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Walt Whitman to Herbert Gilchrist, 31 March 1882

Down here again spending a few days—nothing very different—pretty much the same story of all my letters—but I knew you would like to hear—Mrs S[tafford] and all the family well as usual—they often speak of you & of the old times—I was over to the creek and by the old walnut-trees last week—all beautiful & refreshing as ever—

Harry is still at Clementon—Mont is with B. S. at Kirkwood station—Ed has gone up to Phila: to-day for store goods—Do you know of David Bogue,2 bookseller, Trafalgar Sq: who publishes my book in London? Have you ever been in his place? I go up to Camden this evening—Yours of last Jan: & your mother's of Feb. 6 rec'd3



  • 1. This letter bears the address: Herbert H Gilchrist | 12 Well Road | Keats' Corner Hampstead | London England. It is postmarked: Philadelphia | Mar | 31(?) | (?). [back]
  • 2. On May 8 Anne Gilchrist informed Whitman that Herbert had visited Bogue (see the letter from Whitman to Josiah Child of December 8, 1881), and discovered that "the sale of Leaves of Grass was progressing satisfactorily." Bogue's father had published her husband's "first literary venture" (The Letters of Anne Gilchrist and Walt Whitman, ed. Thomas B. Harned [New York: Doubleday, Page & Company, 1918], 207). On November 24 Anne Gilchrist wrote: "I fear you will be a loser by Bogue's bankruptcy" (The Letters of Anne Gilchrist and Walt Whitman, 210). [back]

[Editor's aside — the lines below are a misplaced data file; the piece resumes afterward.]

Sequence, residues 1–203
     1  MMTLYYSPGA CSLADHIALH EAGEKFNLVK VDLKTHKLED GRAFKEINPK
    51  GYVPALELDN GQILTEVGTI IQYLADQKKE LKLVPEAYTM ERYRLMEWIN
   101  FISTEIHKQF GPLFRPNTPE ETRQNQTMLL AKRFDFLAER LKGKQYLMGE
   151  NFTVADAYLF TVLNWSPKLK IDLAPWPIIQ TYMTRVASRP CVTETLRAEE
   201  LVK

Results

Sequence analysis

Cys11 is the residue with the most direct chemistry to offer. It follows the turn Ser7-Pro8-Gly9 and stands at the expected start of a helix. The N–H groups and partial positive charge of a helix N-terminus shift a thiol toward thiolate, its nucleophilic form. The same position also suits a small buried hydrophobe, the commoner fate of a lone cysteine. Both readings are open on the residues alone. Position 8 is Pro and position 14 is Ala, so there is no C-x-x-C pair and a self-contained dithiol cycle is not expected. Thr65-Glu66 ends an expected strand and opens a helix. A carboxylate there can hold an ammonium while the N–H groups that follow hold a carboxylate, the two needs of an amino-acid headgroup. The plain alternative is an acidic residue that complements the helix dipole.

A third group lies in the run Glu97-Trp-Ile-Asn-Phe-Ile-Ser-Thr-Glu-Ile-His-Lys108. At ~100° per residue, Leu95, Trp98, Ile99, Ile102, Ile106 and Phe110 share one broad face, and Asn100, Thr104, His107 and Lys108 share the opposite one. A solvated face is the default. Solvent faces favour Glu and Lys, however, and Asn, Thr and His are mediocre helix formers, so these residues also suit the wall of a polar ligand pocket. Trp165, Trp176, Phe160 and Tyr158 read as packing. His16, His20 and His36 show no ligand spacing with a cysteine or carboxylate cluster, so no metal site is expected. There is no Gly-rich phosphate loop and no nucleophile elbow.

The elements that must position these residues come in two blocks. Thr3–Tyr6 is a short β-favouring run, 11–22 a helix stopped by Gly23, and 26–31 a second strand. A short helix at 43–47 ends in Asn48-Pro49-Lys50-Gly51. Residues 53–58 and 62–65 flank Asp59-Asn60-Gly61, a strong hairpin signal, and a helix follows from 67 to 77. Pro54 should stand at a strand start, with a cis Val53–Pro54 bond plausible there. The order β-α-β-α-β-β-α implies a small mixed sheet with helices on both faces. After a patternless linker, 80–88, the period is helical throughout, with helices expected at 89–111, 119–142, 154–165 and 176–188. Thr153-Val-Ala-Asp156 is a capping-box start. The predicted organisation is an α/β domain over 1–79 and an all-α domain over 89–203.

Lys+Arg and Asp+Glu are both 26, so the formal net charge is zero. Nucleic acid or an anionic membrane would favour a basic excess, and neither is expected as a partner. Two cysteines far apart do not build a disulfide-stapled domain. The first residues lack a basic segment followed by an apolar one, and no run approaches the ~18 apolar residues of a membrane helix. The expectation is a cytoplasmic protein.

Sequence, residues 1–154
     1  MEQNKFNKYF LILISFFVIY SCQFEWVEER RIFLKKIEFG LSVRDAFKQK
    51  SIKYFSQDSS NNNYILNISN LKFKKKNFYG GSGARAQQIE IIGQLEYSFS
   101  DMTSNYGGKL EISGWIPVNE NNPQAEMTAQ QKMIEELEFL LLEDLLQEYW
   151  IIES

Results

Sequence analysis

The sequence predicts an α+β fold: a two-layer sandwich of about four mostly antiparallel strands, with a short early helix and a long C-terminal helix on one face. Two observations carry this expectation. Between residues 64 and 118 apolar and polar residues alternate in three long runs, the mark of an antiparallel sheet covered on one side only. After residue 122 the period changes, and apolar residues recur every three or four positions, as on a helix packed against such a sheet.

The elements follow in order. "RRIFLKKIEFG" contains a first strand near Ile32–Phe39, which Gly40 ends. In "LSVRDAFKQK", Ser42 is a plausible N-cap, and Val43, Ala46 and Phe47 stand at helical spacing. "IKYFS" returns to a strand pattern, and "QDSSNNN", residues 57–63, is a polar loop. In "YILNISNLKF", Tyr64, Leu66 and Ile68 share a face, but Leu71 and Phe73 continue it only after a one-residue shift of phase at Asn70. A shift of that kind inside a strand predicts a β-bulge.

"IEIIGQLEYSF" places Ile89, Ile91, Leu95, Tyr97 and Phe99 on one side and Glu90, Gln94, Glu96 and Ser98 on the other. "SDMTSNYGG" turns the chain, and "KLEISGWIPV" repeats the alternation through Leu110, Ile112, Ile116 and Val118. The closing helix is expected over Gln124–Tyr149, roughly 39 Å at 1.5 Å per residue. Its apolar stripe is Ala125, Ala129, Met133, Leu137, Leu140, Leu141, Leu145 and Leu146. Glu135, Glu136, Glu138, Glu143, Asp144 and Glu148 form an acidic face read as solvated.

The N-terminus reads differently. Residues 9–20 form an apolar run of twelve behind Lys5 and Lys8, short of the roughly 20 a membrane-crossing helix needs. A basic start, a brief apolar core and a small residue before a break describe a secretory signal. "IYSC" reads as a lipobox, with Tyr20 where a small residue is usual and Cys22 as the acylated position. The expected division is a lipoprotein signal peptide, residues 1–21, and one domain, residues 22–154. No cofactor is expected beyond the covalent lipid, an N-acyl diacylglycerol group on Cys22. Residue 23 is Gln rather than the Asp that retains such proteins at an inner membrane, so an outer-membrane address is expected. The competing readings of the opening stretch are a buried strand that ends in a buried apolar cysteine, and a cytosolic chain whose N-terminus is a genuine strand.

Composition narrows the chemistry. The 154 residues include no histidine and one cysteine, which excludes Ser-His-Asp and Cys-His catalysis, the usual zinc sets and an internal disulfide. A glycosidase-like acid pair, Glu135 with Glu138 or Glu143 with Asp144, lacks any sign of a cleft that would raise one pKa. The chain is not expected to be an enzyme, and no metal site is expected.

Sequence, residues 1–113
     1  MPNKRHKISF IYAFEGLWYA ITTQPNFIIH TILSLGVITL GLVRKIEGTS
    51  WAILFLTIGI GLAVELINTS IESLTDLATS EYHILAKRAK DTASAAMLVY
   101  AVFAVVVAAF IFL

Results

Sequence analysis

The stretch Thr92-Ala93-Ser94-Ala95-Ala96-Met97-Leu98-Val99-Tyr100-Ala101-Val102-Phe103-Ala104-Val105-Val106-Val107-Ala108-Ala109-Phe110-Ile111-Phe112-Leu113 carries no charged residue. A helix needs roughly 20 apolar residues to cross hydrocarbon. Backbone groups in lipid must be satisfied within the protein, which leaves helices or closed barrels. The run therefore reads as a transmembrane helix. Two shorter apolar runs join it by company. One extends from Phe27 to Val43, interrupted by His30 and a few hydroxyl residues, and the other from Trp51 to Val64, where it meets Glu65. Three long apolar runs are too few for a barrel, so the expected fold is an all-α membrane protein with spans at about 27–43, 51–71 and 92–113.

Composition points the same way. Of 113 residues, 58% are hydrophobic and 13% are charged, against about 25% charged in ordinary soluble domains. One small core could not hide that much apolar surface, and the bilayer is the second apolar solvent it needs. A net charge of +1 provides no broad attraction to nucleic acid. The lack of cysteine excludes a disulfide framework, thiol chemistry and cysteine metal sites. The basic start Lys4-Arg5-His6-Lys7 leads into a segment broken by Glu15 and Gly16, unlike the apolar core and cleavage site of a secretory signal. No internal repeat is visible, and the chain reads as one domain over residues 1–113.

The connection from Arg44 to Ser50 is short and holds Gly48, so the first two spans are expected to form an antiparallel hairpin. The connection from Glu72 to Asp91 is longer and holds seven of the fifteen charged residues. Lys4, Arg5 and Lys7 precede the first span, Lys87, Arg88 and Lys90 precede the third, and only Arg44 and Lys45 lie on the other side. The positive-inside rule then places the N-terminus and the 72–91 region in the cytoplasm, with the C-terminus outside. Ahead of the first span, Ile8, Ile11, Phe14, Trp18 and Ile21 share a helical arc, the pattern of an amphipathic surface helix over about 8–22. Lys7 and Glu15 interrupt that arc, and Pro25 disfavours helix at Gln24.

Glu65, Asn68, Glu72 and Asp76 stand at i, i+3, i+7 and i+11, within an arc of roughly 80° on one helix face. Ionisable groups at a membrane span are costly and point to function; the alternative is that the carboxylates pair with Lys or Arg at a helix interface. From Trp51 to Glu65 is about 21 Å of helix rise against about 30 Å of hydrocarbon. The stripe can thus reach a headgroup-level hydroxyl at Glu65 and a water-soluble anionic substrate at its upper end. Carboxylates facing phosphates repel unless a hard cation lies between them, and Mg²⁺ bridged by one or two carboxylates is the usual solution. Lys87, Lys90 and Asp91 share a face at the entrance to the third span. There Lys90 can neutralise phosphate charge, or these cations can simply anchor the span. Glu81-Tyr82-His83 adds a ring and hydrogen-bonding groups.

• 3. Herbert wrote on January 15; Anne Gilchrist on January 29 (The Letters of Anne Gilchrist and Walt Whitman, 205–206). [back]
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